BioFINDER Preclinical AD

The BioFINDER-Preclinical AD study (NCT06121544) launched in 2022 and extends the previous cohorts of BioFINDER-1 and BioFINDER-2 studies. In contrast to these studies, the BioFINDER-Preclinical AD study focuses solely on the pre-symptomatic phase of Alzheimer’s disease (AD). During this pre-symptomatic phase of the disease (often also termed “preclinical” AD), amyloid-b and tau pathology builds up in the brain over about one to two decades before onset of cognitive impairment. It is very likely that novel disease-modifying treatments will be most effective if they are administered in the pre-symptomatic phase of the disease, before too extensive and irreversible damages to the brain occur. However, to successfully develop such effective treatments we need to both gain increased knowledge of the characteristics of preclinical AD as well as identifying which individuals in the pre-symptomatic phase of the disease that are most likely to benefit from treatment, and therefore should be invited to participate in clinical treatment trials. The BioFINDER-Preclinical AD study and the creation of a Trial Ready Alzheimer Cohort is a way to meet these needs.

General aims

  1. Determine which factors (including demographic, genetic, imaging, fluid biomarkers) that are associated with faster clinical deterioration.
  2. Identify prognostic algorithms identifying those with pre-symptomatic AD who will worsen in tau pathology and develop objective cognitive impairment in the coming years and thereby benefit most from interventions against AD pathology.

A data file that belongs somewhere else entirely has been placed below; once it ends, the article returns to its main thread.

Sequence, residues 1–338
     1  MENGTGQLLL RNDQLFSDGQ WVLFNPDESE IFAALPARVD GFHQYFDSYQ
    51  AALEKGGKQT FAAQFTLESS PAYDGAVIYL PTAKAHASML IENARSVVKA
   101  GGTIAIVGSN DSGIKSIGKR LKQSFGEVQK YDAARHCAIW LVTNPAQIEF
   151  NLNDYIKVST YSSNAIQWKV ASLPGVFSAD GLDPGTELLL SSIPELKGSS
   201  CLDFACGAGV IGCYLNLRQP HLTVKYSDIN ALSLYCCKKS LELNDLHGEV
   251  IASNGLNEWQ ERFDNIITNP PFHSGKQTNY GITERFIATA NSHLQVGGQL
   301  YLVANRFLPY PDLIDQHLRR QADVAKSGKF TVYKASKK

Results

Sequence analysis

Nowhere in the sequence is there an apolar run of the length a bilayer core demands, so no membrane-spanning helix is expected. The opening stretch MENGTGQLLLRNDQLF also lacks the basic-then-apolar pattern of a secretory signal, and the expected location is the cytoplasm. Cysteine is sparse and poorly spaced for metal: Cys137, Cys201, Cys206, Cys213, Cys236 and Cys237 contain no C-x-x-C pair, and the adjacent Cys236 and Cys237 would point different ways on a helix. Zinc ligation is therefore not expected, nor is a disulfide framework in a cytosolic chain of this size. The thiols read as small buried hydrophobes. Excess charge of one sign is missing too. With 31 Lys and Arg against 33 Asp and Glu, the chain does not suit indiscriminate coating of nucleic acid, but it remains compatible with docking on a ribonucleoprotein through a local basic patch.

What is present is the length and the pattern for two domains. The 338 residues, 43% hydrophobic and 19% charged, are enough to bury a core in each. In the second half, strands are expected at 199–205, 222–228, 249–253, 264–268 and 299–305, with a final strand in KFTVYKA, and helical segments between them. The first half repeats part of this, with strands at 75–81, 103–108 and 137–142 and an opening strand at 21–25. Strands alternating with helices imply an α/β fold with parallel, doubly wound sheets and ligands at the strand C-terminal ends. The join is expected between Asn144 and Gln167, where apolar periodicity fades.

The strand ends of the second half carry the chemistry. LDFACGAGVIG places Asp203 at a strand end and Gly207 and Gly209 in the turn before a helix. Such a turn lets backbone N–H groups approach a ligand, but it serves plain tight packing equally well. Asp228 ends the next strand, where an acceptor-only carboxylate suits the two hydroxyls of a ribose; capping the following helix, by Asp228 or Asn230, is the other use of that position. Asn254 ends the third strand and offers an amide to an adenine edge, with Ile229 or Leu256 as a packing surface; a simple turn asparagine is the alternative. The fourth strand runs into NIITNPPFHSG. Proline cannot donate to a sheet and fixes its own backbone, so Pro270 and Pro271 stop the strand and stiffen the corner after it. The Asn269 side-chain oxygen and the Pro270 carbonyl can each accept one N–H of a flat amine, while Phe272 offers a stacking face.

3. In depth characterize the temporal (CSF and plasma) and spatiotemporal (PET and MRI) evolution of key biomarkers during the pre-symptomatic and early clinical phases of AD to understand the interactions of different key pathologies and their effects on cognitive decline. This might facilitate selection of new therapies (or combinations of therapies) for trials in pre-symptomatic AD.
  4. Identify different pathology-based subtypes of AD, which exhibit different clinical phenotypes and disease trajectories. Such subtypes might respond differently to different types of therapies.
  5. Develop and validate novel biomarkers, such as CSF and blood biomarkers for different tau isoforms, misfolded a-synuclein, astrogliosis, neuroinflammation, lipid metabolism and different aspects of neurodegeneration.
  6. Develop and evaluate optimal procedures to disclose AD biomarker information to healthy volunteers and those with mild cognitive symptoms.
  7. Identify individuals with pre-symptomatic AD who can be part in a Trial Ready cohort, and potentially enrolled in future trials evaluating disease modifying therapies (such trials will necessarily be subject to specific applications to regulatory authorities).